Professor Meta Bauer has received internal assistance by a librarian and a student of library studies to catalog and register all material and report on conditions of the extensive CAVS archives. A current visiting scholar has been driving the original video tapes, some dating back to the 1960s,  to a New York City facility in order to transfer them to DVDs. Further assistance has recently been offered, but funding is urgently needed to continue this mostly volunteer effort. Likewise, a selection of videos of the past twenty years, made by the faculty of the Visual Arts Program and former MSVisS students has been compiled and will be distributed nationally.

When Piene stepped down as Director of CAVS in 1993 MIT moved the Center to a location on the North side of campus, close to the MIT Museum. CAVS had long become a work place for art, science, and technology and Steve Benton, a scientist and holographer took over the directorship. The focus turned to artists collaborating with scientists, video/film/animation, and holography. The graduate program was suspended, but courses and seminars open to students campus-wide remained.

After Benton's untimely death Krzysztof Wodiczko was appointed in 2004 to lead the Center. The emphasis shifted to investigations of relationships among science, technology, and contemporary culture and short-term visiting artists and scholars enlivened the debate. Wodiczko will now direct the Interrogative Design Group, combining art and technology into critical design.

The Visual Arts Program (VAP) was established in 1989 by Dean John de Monchaux of the School of Architecture and Planning. Its first director, Ed Levine and Fellows' media were: Video and sound, photography and design, performance, and other experimental phenomena. The MSVisS degree program, which had ended with Prof. Piene's retirement, was reinstated at VAP. Associate Professor Ute Meta Bauer, a well known curator, has been at its helm since 2005.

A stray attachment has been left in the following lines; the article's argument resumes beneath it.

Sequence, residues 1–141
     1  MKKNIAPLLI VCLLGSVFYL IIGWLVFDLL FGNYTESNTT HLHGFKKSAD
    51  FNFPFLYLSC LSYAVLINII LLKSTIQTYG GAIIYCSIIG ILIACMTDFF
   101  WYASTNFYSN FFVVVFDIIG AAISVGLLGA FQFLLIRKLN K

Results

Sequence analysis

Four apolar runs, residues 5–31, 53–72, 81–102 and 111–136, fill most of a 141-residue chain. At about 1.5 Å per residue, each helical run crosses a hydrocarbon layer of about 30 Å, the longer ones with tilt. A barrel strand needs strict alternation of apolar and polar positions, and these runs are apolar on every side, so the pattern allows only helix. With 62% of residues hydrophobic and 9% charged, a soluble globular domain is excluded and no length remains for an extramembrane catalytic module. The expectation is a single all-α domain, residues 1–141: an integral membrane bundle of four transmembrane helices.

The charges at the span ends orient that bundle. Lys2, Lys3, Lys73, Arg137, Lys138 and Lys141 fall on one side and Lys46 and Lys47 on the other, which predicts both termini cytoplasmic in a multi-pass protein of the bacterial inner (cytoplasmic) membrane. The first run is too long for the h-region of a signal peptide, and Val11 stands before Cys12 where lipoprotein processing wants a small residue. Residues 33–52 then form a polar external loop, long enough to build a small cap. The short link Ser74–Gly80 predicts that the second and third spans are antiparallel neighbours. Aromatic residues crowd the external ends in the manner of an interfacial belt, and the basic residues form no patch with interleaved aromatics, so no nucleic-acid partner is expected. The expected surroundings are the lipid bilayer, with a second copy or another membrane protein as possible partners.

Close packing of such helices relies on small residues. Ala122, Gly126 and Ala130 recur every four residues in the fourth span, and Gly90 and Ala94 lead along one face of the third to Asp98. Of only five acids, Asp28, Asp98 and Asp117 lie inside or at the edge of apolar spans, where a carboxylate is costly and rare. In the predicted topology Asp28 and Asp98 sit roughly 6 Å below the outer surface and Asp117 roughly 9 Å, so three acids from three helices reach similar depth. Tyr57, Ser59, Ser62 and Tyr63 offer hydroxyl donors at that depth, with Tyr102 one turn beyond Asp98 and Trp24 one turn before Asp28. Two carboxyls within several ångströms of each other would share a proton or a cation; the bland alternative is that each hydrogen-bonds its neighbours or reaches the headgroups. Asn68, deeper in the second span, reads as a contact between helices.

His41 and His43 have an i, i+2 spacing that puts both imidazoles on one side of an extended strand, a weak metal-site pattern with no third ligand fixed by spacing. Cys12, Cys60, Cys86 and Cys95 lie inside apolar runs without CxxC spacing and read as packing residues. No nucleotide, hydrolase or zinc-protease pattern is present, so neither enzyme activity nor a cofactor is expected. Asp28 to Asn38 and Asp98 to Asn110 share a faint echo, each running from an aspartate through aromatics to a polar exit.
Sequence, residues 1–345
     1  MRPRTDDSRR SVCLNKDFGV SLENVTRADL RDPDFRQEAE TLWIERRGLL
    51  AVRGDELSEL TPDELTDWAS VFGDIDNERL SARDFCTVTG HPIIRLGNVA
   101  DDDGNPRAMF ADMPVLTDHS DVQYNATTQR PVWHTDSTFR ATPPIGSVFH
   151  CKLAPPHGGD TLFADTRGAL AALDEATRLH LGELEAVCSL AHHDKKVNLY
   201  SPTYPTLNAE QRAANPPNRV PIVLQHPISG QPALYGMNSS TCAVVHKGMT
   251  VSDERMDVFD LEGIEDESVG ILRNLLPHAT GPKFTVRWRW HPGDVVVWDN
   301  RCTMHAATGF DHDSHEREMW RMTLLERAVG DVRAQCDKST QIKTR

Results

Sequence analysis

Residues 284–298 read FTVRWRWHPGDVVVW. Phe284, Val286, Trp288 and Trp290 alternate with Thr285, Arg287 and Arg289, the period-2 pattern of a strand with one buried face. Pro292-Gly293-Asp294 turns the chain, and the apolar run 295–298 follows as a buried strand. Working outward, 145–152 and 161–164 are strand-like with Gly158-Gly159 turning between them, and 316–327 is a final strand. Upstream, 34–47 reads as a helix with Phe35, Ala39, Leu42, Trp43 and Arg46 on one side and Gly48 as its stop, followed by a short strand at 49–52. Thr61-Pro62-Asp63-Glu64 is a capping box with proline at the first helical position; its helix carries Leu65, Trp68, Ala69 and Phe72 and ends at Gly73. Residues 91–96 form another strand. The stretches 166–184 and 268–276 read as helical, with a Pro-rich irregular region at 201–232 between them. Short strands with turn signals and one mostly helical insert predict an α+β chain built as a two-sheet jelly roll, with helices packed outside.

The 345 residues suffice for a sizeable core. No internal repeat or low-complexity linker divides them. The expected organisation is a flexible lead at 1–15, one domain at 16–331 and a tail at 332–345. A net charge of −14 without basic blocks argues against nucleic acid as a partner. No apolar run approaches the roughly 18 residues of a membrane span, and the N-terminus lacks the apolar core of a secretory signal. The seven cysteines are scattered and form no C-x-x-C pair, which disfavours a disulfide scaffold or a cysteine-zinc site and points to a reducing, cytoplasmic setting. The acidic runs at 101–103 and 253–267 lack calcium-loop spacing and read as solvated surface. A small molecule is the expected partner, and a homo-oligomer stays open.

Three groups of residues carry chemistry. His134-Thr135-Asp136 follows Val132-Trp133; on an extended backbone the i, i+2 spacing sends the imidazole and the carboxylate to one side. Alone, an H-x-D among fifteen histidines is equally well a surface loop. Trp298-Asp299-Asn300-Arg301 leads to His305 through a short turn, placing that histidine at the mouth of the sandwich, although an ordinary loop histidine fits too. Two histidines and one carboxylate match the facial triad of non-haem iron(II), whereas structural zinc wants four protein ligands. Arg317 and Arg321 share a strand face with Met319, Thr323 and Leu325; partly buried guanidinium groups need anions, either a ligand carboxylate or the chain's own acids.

ACT's first director is Meta Bauer and MIT's press release reads as follows: Under the leadership of curator and Associate Professor Ute Meta Bauer, Director of the Visual Arts Program since 2005, the new program will partner undergraduates, graduates, fellows, and faculty in thematic clusters at the intersection of art, culture, science, and technology.  And Meta Bauer stated:" The Media Lab is famous for working in thematic clusters of that sort, and more and more we are moving in that direction too."

Dean Adele Naude Santos, of the School of Architecture and Planning, made the following statement:"We see the visual arts as an essential component of offerings. The creation of this new program, combining the efforts of two historic endeavors, reflects our commitment to the growing importance of the visual arts at MIT. In addition to giving the arts a higher profile on campus and in the city, the program's signal position in our new building will put its faculty, students, and researchers in daily contact with their counterparts at the Media Lab, and at the many other centers and programs in the complex, enhancing everyone's efforts."

May the proverbial wisdom of 'location, location, location' move ACT to new artistic works, heights and destinations.